All the activities are designed so the Flying Nanny can leave the children to produce and complete tasks on their own.

"We will be the extra hands and ears that will be there for the parents and for the children themselves," said Carla.

The two cabin crew members are from among the 300 cabin crew with different nationalities that have completed special training for the nanny role in the last two months. A further 60 will be trained in September and 500 Flying Nannies will be working across Etihad Airways flights by the end of this year.

The job includes serving children's meals early in the flight and offering challenges to help entertain and occupy younger guests throughout. Passengers may even notice that the cabin staff sometime look younger than usual, with children being allowed to help out with duties such as distributing food and blankets.

"We don't have passengers, we have guests on our flights, and so we are always coming up with ways to make their travels easier and more comfortable," said Aubrey Tiedt, Etihad Airways' vice president for Guest Services.

As a former cabin crew member and a regular traveller, Ms Tiedt understands the challenges of long trips from both prospectives.

"The feeling that there is someone there on a flight equipped to help and understand children provides a kind of a safety net for the parents who often feel alone and are under immense stress from their children and sometimes from other guests - who are themselves tired and under stress - and so are not patient with younger guests sitting next to them," she said.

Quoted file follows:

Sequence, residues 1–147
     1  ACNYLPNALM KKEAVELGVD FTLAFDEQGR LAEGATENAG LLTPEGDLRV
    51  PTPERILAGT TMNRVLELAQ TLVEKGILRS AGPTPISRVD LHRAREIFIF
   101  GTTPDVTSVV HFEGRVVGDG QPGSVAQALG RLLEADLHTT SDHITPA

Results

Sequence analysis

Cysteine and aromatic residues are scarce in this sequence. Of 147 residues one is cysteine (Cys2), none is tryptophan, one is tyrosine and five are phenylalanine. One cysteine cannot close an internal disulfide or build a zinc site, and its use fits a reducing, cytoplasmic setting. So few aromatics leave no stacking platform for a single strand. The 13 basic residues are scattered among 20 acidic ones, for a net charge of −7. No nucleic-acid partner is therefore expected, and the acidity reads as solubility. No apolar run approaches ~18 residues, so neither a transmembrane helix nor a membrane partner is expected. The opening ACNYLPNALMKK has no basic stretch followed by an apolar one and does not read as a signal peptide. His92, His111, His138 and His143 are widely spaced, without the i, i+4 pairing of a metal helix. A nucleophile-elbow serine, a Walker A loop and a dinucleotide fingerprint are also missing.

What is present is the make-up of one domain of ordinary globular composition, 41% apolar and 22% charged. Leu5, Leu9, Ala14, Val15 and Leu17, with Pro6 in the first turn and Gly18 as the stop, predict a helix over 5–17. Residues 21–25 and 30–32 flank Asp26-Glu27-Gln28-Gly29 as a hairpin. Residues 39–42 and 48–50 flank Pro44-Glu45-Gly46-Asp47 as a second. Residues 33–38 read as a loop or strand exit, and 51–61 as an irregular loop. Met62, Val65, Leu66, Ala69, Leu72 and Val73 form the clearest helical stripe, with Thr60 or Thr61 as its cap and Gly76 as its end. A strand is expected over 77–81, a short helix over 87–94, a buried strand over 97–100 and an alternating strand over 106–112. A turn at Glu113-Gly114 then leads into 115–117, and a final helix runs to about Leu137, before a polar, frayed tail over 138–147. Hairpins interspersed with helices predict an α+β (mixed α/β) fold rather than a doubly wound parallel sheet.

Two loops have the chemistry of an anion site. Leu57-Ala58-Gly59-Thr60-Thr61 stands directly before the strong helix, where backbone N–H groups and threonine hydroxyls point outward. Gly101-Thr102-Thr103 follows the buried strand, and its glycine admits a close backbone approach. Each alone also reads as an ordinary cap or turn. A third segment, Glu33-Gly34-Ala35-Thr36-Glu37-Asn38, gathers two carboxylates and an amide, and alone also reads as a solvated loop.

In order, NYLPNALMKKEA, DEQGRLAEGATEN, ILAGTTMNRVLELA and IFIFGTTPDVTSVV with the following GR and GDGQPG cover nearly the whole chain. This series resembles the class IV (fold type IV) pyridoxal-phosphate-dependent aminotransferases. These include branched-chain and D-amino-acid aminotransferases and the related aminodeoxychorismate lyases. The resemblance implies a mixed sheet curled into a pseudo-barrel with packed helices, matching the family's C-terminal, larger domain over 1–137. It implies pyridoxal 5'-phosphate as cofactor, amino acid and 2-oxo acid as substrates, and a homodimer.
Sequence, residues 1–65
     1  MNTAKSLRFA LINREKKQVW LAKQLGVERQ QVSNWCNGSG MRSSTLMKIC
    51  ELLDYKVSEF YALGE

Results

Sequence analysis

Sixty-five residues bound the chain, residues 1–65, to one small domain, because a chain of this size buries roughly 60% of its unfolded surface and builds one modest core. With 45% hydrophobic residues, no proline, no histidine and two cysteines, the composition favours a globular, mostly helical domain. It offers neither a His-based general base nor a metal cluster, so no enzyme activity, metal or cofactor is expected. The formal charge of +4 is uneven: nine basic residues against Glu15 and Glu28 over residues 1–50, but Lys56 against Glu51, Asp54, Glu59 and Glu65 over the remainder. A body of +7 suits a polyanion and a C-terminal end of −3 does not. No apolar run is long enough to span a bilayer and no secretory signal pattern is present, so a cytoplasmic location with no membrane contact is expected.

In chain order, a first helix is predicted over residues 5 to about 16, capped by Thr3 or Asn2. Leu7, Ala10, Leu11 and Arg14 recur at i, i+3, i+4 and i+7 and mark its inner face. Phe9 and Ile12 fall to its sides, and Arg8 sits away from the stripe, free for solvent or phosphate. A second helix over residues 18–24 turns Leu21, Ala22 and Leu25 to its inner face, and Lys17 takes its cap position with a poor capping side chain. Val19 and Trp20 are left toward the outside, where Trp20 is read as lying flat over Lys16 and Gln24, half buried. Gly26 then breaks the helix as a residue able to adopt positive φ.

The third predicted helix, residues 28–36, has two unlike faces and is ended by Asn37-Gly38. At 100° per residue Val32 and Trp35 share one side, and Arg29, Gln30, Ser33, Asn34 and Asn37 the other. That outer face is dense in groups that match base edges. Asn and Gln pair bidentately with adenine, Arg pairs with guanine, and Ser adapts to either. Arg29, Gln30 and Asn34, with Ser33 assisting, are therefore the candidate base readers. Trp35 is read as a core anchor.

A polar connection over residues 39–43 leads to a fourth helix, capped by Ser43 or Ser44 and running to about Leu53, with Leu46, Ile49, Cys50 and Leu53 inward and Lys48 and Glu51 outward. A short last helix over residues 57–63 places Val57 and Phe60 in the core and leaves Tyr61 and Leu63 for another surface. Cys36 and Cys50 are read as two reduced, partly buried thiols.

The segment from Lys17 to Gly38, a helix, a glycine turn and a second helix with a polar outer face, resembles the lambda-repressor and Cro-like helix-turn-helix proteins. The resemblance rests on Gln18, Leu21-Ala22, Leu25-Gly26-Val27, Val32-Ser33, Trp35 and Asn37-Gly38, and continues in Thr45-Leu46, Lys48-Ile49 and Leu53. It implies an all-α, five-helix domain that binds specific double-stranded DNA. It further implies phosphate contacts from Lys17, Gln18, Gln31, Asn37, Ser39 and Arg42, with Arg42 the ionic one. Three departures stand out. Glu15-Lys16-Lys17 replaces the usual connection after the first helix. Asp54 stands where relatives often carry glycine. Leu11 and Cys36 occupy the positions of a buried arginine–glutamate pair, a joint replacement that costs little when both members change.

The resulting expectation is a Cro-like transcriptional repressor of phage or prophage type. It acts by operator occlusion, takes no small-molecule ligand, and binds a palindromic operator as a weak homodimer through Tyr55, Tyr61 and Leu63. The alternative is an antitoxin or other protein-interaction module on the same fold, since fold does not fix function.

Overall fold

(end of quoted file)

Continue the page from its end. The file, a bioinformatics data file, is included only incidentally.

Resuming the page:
Etihad's Flying Nannies will also carry out regular cabin-crew work alongside their childcare role.

"The orange apron is important as then the nanny will be easily identified and recognised as the point of reference for both parents and children, because often to them the cabin crew all look similar to each other because of their uniform," said Ms Tiedt. As for the name, the airlines was searching for a name that evokes a warm and nostalgic feeling.

"Internationally people understand the term nanny, as someone who takes care of you, and that is what Flying Nannies is all about," she said. "Ultimately, it is about having a support system in the sky."

The nannies will also be available on the ground in the first and business-class lounges. There is also a children's play area in Terminal 3 at the Abu Dhabi International Airport and in the premium lounges. The Flying Nanny course is being held at the Etihad Airways Training Academy where it teaches trainees about their role and responsibilities, such as introducing themselves to families at the gate and providing assistance with boarding, as well as creative ways to better interact and entertain children while in-flight.